The world we all want

Many of us are motivated by the hope of a better future – for ourselves, our loved ones and our world. Where do people you know look for motivation and hope? How hopeful do you feel about the future?

Mark was writing from the great city of Rome in the second half of the first century.

He was part of a small, persecuted Jewish sect known dismissively at the time as ‘the Galileans’.

People saw them as followers of a nobody religious teacher from nowhere of any significance.

Yet Mark starts his short biography of this religious teacher with a remarkably bold claim. In words carefully chosen to strike both his Jewish and his pagan readers, he opens:

‘The beginning of the good news about Jesus the Messiah, the Son of God’ (Mark 1:1)

To the Romans, the term ‘gospel’ (literally ‘good news’) was familiar political jargon. It was used when announcing great historic moments such as when emperors came to power. For the Jews, the word was even more loaded.

It recalled ancient hopes of a future time when God himself would come as king to bring healing, justice and liberation to a broken world.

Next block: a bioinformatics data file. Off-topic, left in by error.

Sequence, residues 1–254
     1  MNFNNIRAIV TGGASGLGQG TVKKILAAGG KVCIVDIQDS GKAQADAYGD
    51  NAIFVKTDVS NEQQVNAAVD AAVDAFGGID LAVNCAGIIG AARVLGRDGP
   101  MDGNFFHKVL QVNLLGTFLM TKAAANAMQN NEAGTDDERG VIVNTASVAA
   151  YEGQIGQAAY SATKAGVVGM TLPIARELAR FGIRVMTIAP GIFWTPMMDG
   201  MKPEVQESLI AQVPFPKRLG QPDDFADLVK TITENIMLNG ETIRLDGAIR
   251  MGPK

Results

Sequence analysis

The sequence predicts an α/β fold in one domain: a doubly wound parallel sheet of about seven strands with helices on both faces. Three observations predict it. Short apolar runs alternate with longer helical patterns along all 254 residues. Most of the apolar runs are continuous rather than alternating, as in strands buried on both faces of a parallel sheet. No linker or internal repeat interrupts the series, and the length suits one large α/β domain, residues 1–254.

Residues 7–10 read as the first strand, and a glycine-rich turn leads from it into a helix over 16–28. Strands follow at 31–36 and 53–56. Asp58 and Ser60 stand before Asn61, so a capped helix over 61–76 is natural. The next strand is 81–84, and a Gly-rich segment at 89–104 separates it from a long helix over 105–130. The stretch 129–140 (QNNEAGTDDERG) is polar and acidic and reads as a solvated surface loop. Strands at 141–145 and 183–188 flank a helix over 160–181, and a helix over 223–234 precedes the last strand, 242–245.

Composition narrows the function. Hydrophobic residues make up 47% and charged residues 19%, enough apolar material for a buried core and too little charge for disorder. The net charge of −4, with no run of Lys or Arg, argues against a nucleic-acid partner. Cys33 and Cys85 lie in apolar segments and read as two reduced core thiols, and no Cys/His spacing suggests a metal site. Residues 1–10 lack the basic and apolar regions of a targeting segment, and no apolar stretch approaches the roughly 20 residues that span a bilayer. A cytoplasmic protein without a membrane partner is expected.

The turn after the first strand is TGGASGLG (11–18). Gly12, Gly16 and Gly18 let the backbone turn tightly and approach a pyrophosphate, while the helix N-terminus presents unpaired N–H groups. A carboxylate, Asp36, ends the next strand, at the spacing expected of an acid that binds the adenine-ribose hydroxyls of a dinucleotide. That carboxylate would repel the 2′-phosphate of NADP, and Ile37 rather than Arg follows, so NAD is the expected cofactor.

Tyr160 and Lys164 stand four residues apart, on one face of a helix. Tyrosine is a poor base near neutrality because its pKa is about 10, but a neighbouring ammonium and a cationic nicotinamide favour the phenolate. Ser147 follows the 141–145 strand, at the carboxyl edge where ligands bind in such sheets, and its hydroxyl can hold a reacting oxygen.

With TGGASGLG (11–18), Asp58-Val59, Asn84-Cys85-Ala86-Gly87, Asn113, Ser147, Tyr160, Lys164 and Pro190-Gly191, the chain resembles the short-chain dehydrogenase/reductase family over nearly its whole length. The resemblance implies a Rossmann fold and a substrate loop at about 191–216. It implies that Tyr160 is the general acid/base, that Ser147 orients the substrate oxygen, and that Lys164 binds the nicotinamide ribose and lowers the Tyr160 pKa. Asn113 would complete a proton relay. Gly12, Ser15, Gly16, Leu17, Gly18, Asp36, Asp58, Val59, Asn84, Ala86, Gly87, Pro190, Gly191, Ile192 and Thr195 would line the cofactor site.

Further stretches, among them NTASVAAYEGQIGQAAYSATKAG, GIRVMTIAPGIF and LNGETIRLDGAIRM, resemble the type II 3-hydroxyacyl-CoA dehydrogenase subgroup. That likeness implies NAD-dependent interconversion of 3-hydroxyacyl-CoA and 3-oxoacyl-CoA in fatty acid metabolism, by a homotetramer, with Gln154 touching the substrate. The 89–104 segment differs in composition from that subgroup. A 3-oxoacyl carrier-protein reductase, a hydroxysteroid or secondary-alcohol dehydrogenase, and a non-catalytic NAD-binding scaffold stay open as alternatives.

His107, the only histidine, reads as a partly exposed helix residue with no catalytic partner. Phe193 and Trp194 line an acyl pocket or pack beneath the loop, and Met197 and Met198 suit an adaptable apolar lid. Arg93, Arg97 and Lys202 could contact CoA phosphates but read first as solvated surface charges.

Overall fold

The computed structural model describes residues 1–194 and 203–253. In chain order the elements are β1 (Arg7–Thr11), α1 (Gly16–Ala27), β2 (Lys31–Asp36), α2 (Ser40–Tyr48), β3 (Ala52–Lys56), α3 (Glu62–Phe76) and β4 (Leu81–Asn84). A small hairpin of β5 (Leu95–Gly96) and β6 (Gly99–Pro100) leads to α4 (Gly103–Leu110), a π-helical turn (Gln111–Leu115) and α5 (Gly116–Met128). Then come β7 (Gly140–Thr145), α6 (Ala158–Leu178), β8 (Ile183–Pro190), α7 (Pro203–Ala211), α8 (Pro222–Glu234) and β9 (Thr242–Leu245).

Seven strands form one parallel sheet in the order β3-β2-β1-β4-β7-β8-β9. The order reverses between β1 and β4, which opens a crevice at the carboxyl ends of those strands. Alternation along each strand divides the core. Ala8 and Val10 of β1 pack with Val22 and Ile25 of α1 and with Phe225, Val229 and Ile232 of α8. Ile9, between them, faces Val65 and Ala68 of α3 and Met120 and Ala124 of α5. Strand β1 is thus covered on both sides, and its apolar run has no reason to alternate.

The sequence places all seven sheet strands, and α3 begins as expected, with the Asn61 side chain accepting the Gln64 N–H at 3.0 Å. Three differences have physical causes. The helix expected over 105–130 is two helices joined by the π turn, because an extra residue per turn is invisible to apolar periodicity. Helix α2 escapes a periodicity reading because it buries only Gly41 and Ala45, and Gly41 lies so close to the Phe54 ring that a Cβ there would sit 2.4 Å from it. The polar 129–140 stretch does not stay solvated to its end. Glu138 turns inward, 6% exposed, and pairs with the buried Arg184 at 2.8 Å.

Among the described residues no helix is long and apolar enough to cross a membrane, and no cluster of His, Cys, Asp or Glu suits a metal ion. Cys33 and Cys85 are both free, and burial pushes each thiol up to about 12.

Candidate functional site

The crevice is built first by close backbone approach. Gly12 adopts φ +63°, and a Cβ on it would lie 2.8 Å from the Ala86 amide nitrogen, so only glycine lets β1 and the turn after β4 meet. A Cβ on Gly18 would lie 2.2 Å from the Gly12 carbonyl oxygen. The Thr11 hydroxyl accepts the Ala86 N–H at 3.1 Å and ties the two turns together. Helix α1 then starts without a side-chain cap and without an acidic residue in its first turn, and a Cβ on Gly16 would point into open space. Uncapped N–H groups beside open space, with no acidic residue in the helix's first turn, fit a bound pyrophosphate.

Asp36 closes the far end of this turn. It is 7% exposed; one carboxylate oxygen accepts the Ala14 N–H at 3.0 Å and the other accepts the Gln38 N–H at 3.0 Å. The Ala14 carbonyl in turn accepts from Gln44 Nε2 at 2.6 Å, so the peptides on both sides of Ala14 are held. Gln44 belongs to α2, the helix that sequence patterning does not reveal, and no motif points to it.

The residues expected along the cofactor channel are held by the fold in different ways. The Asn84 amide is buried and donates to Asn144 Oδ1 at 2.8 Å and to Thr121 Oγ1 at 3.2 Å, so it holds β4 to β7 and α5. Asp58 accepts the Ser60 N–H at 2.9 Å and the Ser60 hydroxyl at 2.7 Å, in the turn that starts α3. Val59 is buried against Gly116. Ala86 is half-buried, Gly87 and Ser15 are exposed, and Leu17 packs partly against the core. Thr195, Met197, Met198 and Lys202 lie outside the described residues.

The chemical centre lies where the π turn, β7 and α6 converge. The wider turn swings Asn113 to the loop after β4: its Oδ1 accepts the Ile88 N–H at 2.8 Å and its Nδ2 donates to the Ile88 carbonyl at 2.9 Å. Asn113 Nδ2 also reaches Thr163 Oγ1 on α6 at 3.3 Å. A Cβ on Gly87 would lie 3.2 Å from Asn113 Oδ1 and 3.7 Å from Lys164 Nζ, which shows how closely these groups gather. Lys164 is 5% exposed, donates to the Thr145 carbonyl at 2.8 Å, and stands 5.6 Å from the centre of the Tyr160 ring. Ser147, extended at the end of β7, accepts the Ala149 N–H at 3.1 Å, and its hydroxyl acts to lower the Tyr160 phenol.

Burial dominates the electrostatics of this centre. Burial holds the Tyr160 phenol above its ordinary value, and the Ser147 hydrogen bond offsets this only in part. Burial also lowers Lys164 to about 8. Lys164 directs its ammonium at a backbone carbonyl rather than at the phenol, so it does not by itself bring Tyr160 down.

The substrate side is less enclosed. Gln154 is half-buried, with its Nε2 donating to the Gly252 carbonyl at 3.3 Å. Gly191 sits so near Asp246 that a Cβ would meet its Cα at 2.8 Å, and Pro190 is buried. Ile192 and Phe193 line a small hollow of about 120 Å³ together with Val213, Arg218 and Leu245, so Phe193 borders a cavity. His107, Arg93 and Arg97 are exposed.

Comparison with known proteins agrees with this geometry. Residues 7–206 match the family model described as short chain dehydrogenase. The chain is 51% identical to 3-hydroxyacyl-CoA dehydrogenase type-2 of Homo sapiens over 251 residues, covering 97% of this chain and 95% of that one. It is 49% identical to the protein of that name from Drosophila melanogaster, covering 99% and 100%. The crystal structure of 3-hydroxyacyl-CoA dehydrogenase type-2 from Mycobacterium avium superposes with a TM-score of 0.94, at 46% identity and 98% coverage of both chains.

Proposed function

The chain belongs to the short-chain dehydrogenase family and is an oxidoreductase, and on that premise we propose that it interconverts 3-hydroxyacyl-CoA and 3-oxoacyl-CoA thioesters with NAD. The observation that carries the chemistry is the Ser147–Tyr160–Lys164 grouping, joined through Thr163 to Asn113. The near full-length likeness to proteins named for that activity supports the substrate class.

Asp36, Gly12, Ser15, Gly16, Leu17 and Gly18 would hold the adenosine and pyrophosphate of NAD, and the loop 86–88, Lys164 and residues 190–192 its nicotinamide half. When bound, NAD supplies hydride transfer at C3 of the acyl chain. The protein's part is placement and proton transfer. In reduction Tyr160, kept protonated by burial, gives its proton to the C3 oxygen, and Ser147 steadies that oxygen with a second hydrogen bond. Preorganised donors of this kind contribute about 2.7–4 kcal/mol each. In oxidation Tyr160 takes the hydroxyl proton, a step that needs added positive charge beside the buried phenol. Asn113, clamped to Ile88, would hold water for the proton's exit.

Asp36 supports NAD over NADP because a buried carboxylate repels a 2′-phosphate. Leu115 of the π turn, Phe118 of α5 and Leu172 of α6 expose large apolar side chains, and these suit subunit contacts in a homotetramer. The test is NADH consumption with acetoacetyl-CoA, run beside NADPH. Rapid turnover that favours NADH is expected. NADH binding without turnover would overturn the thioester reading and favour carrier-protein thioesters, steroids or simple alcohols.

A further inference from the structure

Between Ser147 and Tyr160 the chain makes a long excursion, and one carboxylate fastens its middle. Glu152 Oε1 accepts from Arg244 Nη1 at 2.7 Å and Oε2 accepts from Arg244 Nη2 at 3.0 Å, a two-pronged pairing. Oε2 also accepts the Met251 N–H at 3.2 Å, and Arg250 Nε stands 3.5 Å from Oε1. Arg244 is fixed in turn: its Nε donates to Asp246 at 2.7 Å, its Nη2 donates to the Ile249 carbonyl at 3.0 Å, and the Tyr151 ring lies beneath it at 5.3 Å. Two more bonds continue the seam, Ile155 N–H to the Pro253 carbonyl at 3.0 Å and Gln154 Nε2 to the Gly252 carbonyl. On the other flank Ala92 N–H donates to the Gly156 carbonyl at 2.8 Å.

Mark wants his readers to be in no doubt about the world-changing significance of what he is claiming about Jesus. According to Mark, the world rulers are nothing in comparison to this Jewish Galilean teacher. In Jesus, God himself has come into the world to make things right.

It seemed then, as it seems now, utterly outrageous. What compelled Mark and the other Galileans to make this remarkable claim? Why were they even willing to die at the hands of the Romans because of it? What could they have seen that led them to believe that Jesus was the Son of God?

This is what Mark will help us uncover as we consider his Gospel.

Mark’s first chapter is fast-paced. It reads almost like a notebook. He describes events as snapshots that together begin to build a picture.

We’ll read a section and then pause for breath.

Mark 1: 14–34

Jesus announces the good news

14 After John was put in prison, Jesus went into Galilee, proclaiming the good news of God. 15 ‘The time has come,’ he said. ‘The kingdom of God has come near. Repent and believe the good news!’

Jesus calls his first disciples

16 As Jesus walked beside the Sea of Galilee, he saw Simon and his brother Andrew casting a net into the lake, for they were fishermen. 17 ‘Come, follow me,’ Jesus said, ‘and I will send you out to fish for people.’ 18 At once they left their nets and followed him.

19 When he had gone a little farther, he saw James son of Zebedee and his brother John in a boat, preparing their nets. 20 Without delay he called them, and they left their father Zebedee in the boat with the hired men and followed him.

Jesus drives out an impure spirit